1.10 Organisation

    1.11 Future aspirations

    Chapter 2: Interactive predictive toxicology with Bioclipse and OpenTox


    2.1 Introduction

    2.2 Basic Bioclipse-OpenTox interaction examples

    2.3 Use Case 1: Removing toxicity without interfering with pharmacology

    2.4 Use Case 2: Toxicity prediction on compound collections

    2.5 Discussion

    2.6 Availability

    Chapter 3: Utilizing open source software to facilitate communication of chemistry at RSC


    3.1 Introduction

    3.2 Project Prospect and open ontologies

    3.3 ChemSpider

    3.4 ChemDraw Digester

    3.5 Learn Chemistry Wiki

    3.6 Conclusion

    3.7 Acknowledgments

    Chapter 4: Open source software for mass spectrometry and metabolomics


    4.1 Introduction

    4.2 A short mass spectrometry primer

    4.3 Metabolomics and metabonomics

    4.4 Data types

    4.5 Metabolomics data processing

    4.6 Metabolomics data processing using the open source workflow engine, KNIME

    4.7 Open source software for multivariate analysis

    4.8 Performing PCA on metabolomics data in R/KNIME

    4.9 Other open source packages

    4.10 Perspective

    4.11 Acknowledgments

    Chapter 5: Open source software for image processing and analysis: picture this with ImageJ


    5.1 Introduction

    5.2 ImageJ

    5.3 ImageJ macros: an overview

    5.4 Graphical user interface

    5.5 Industrial applications of image analysis

    5.6 Summary

    Chapter 6: Integrated data analysis with KNIME


    6.1 The KNIME platform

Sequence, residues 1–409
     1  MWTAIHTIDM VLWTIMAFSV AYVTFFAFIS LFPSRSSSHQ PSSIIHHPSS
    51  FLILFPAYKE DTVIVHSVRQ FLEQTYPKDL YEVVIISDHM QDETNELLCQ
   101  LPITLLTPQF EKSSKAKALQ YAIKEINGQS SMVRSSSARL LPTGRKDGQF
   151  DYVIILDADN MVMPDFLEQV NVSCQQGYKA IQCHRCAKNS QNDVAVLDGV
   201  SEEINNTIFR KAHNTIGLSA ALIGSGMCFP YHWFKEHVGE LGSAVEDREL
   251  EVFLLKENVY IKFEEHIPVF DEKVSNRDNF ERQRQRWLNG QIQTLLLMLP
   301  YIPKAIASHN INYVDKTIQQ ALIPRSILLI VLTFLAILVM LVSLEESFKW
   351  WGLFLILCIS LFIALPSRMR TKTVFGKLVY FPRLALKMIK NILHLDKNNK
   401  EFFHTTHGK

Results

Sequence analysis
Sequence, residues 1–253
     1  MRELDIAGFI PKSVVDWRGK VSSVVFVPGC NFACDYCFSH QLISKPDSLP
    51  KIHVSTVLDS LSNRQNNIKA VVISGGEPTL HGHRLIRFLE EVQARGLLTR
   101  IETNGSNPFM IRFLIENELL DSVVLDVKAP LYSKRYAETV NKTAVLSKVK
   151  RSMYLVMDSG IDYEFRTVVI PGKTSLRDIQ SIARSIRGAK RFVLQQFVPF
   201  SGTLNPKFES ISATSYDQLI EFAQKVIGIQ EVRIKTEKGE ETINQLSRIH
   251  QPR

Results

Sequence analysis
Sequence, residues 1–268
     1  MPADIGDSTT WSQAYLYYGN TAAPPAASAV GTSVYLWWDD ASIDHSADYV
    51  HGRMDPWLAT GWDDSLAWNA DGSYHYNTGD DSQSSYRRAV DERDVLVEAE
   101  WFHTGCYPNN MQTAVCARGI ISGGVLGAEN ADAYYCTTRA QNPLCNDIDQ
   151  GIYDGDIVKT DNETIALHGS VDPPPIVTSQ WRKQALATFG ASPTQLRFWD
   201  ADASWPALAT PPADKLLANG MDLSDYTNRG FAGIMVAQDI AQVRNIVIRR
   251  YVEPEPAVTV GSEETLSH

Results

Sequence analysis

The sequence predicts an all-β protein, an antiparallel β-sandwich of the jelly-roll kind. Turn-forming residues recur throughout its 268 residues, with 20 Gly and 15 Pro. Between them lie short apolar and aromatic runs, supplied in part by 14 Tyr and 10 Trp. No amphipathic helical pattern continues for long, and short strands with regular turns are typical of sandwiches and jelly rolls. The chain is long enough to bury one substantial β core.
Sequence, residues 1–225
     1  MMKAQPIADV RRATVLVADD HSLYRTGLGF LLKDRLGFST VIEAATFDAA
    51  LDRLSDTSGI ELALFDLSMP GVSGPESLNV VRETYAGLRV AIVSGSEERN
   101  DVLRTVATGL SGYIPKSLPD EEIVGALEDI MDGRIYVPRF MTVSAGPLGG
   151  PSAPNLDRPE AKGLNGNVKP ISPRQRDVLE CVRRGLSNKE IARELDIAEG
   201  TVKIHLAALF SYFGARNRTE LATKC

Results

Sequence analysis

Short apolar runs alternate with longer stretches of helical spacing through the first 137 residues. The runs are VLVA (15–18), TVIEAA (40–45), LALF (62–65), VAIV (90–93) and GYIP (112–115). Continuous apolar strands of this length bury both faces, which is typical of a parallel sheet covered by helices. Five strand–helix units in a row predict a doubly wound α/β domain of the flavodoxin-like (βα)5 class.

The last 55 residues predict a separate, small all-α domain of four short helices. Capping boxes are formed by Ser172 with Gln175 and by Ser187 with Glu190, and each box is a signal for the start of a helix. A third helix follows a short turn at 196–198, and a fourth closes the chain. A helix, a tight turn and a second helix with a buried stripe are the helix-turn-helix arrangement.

6.2 The KNIME success story

    6.3 Benefits of 'professional open source'

    6.4 Application examples

    6.5 Conclusion and outlook

    6.6 Acknowledgments

    Chapter 7: Investigation-Study-Assay, a toolkit for standardizing data capture and sharing


    7.1 The growing need for content curation in industry

    7.2 The BioSharing initiative: cooperating standards needed

    7.3 The ISA framework – principles for progress

    7.4 Lessons learned

    7.5 Acknowledgments

    Chapter 8: GenomicTools: an open source platform for developing high-throughput analytics in genomics


    8.1 Introduction

    8.2 Data types

    8.3 Tools overview

    8.4 C++ API for developers

    8.5 Case study: a simple ChIP-seq pipeline

    8.6 Performance

    8.7 Conclusion

    8.8 Resources

    Chapter 9: Creating an in-house ’omics data portal using EBI Atlas software


    9.1 Introduction

    9.2 Leveraging ’omics data for drug discovery

    9.3 The EBI Atlas software

    9.4 Deploying Atlas in the enterprise

    9.5 Conclusion and learnings

    9.6 Acknowledgments

    Chapter 10: Setting up an ’omics platform in a small biotech


    10.1 Introduction

    10.2 General changes over time

    10.3 The hardware solution